The game-day decision in this year's Super Bowl of fashion: a sunny lemon-grass-colored Isabel Toledo ensemble for Michelle Obama on inauguration morning.
A departure from the widely predicted jewel-tone variations on red or blue, Obama's choice nonetheless radiated optimism and warmth as she walked the steps to St. John's Episcopal Church in Washington, D.C.
"It was a classic choice and pitch-perfect for the occasion," said Nicole Phelps, executive editor of the online fashion bible, style.com. "But leave it to Mrs. Obama to mix it up a bit--did you see those teal green pumps?"
The day before, at the Kids' Inaugural concert, Obama hinted at the organic colors that were speaking to her. There, Obama evoked a summer sky in blue and yellow J. Crew, brightening her palette considerably after Sunday's strikingly elegant beige and black Narciso Rodriguez ensemble.
It's quite possible that Obama did not settle on what to wear until the wee hours. Obama's spokeswoman had said that fashion was not high on her list of priorities as her family changed residences three times in a matter of weeks.
Life & Style magazine quoted a friend of Toledo's as saying that she did not know whether Obama would wear her design. Though many had expected Obama to don hometown designer Maria Pinto for Inauguration Day, Toledo was no shocker.
Elevating Obama's status as a fashion sophisticate, Obama wore a Toledo black tunic and flaring pants, also purchased at Ikram, with a Tom Binns necklace at a Vogue event last June.
In a New York Daily News interview in October, Toledo, a Cuban-born American designer, said she had been contacted recently by Obama's representatives, but wouldn't spill specifics.
"I have sent her a lot of things to wear on the road," Toledo told the Daily News. The month before, Toledo received a Couture Council Award from the Museum at the Fashion Institute of Technology, her alma mater in New York. She has worked for more than 20 years under her own name and also served as creative director for the Anne Klein company. In addition to FIT, she studied at the Parsons School of Design in New York.
"There was talk of 1/8Obama 3/8 choosing a bigger-name designer, someone like a Ralph Lauren or an Oscar de la Renta," style.com's Phelps said. "Her choice of Isabel Toledo shows that she really stands behind the entrepreneurial on-the-rise American designer."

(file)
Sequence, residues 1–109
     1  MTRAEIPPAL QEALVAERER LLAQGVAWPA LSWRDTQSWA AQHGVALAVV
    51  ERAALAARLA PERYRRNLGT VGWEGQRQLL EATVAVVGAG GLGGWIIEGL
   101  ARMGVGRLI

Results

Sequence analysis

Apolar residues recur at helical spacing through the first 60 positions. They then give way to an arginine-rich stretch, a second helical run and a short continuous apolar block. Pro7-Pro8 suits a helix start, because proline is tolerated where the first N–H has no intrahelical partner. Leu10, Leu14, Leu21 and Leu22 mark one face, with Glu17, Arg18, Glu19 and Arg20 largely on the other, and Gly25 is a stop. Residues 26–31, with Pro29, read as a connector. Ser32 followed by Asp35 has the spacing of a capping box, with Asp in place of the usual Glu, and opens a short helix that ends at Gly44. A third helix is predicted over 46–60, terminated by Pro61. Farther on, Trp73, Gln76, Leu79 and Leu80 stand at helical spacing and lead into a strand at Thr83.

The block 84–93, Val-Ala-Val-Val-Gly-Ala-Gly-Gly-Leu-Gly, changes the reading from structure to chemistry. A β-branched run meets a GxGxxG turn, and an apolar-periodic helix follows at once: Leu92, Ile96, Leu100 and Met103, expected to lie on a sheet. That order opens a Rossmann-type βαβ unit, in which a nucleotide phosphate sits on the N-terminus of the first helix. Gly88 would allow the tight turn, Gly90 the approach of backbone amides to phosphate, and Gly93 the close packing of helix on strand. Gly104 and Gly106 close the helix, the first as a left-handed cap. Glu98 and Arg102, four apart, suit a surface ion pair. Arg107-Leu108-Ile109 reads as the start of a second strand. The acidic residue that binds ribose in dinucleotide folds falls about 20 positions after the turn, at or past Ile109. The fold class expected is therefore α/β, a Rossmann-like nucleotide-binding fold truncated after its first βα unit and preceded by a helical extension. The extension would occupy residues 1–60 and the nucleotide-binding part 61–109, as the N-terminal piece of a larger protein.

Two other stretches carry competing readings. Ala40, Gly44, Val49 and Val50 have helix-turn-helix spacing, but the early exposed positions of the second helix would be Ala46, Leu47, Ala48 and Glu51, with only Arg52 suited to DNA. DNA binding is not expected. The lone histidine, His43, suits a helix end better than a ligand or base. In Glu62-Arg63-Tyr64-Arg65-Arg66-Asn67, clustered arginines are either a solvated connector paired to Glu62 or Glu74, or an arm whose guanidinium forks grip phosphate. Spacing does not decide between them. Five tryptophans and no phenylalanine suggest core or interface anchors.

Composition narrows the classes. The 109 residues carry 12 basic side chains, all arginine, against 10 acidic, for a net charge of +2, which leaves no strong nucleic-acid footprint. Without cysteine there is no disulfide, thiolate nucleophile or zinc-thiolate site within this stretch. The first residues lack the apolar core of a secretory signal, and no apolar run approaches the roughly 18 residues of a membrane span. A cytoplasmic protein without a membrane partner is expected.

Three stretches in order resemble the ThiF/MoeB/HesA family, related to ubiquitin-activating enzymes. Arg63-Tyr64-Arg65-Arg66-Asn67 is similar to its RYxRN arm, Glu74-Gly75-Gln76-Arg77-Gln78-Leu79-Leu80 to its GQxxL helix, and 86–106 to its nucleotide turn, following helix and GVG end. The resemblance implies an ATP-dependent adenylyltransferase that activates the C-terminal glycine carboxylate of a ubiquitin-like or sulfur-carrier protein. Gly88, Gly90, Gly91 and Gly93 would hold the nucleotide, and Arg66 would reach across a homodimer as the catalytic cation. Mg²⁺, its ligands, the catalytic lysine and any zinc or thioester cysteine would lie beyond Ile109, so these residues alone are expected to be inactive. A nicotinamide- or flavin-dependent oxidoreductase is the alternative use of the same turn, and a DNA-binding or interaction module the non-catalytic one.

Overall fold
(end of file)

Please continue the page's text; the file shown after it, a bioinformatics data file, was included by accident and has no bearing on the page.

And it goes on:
Even more effusive over the choice was Simon Doonan, creative director for Barneys New York.
"I am blowing a gasket with joy!" he e-mailed. "What an incredible way to recognize Isabel's genius! I am delirious that one of my oldest pals and one of Barneys' most important designers has been honored in this way."
Kicking up a little local controversy on inauguration morning was Jill Biden; there was some chatter on a Chicago radio station about her skirt being too short and, combined with the scarlet coat and tall boots, evoking a bit of a racy look. (Remember the headlines when Condoleezza Rice started wearing tall boots on state visits?)
At the swearing-in ceremony, the first daughters turned up in a softened patriotic color scheme, both in coats from J. Crew's kids' line, Crewcuts. Malia Obama, 10, wore a blue coat with black scarf and gloves and Sasha, 7, a pink coat with red scarf.
Michelle Obama added green gloves, and her coat, which reportedly was lined in pashmina for warmth, was pulled close around her with a velvet ribbon. Her daughters also belted their coats with ribbons in a unifying tie to their mother.
Laura Bush wore a suitably understated dove gray double-breasted jacket and matching skirt.
"1/8Laura Bush and Jill Biden 3/8 look very appropriate, but who cares!" Doonan said. "All eyes are on Michelle Obama."
Aside from a chapeau with a large bow on Aretha Franklin, who sang "My Country Tis of Thee" at the chilly swearing-in, hats were mostly absent on the leading ladies and men, even balding ones, to the disappointment of milliners everywhere. All in all, accessories were minimal, with Michelle Obama wearing small earrings rather than danglers--perhaps a sign of restraint in light of the recession.
Barack Obama wore a red tie and Bush a blue tie.
Still in suspense: Michelle Obama's inauguration ball attire. Latest rumor is that it will not be Pinto but a designer brokered through Ikram. Another American designer who reflects a classic immigrant story? Rodriguez? Thakoon?
Tons of celebrities were spotted in the crowd to watch the historical event. Take a look at the photo gallery for a look.